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THE BIRTH OF OUR LORD
" Now the birth of Jesus Christ was on this wise: When as His mother Mary was espoused to Joseph, before they came together, she was found with child of the Holy Ghost.”—Matthew i. 18. It has now been shown that we stand on firm ground in accepting the narratives of the Four Gospels as faithful records of the life and ministry of our Lord; that they contain, at least in all substantial points, the direct testimony of two eye-witnesses, and the reports of two other persons who were in direct and intimate communication with eye-witnesses. We have further seen how immense is the presumption in favour alike of the truthfulness of the Evangelists and of their soundness of judgment, afforded on the one hand by the profound love of truth which they display, and on the other hand by the verification which experience has afforded of their insight into the great realities of man's moral nature and of the course of history. When they thus command our confidence on all the more central and weighty matters of their testimony, it is natural to conclude that they must equally deserve it in details; and we shall at least be prepared to hold our judgment in suspense in respect to minor difficulties in their narratives.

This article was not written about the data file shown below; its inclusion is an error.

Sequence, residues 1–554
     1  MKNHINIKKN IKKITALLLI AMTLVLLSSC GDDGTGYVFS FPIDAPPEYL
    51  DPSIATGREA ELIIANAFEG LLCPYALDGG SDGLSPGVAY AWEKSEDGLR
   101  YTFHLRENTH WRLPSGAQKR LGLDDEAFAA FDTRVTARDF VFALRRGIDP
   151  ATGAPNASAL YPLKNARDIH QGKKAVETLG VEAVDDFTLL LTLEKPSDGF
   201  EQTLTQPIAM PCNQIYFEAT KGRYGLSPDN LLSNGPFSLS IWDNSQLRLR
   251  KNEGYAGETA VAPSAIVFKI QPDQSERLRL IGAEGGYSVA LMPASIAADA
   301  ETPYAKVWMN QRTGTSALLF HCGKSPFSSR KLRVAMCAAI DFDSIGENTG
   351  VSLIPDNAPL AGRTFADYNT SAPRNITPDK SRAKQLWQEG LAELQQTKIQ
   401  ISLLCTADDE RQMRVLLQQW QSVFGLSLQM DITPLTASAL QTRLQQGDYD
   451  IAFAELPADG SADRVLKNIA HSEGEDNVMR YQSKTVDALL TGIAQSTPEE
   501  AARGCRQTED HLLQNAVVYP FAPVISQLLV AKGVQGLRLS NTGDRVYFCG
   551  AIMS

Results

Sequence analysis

These considerations must be carefully borne in mind in passing to-day to consider in their order the cardinal facts in our Lord's ministry, as enumerated in St. Peter's address to Cornelius and in the Creed of the Church. But we must needs commence by observing that, from the point of view we have gained, we are enabled, or rather compelled, to put aside at once the principal speculations of late years respecting our Lord's method and purpose. For all those speculations proceed on the re-arrangement, according to the views of the particular writer, of the records of the Gospels; one part being taken out and another left, and the whole being readjusted to meet the author's comprehension of the case. One writer proposes to discuss our Lord's object and scheme without reference to His theology, as though the deepest and most characteristic of His motives could possibly be excluded from His work. Another endeavours to exclude His miracles altogether from consideration, and a third resolves them into a halfconscious, half-unconscious illusion.
M. Renan, who, as we have seen, accepts the four Gospels as
serions documents, providing for us, to a great extent, the evidence of eye-witnesses, nevertheless constructs a story of our Lord's life in flagrant contradiction with the main order of events as
uniformly narrated by these witnesses. The Gospels piace the commencement of our Lord’s ministry at His baptism by John, and exhibit Him from that time forward as preaching the Gospel of the Kingdom, and working miracles in acrordance with it. But M. Renan imagines out of his own mind a kind of idyllic period in Galilee before our Lord's communication with John, during which He was wholly occupied with what that writer is pleased to consider the purely moral instruction of the Sermon on the Mount. It seems enough to say that any method which deals in this arbitrary manner with the unanimous testimony of serious witnesses is selfcondemned.